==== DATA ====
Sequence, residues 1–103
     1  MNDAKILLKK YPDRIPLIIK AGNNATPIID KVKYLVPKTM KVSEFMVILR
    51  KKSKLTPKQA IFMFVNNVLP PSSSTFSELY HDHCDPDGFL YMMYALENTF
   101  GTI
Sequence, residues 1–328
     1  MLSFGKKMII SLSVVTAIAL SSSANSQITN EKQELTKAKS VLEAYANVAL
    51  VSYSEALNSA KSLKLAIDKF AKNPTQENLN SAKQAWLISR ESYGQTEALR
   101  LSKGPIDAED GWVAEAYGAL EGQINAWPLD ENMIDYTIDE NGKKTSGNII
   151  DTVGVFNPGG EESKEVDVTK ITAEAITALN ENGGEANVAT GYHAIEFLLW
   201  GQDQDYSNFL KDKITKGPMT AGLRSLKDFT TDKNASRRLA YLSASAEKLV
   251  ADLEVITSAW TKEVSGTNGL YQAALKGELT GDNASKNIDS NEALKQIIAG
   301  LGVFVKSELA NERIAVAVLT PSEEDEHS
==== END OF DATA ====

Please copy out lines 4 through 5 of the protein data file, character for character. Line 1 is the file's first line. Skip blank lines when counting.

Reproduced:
   101  GTI
Sequence, residues 1–328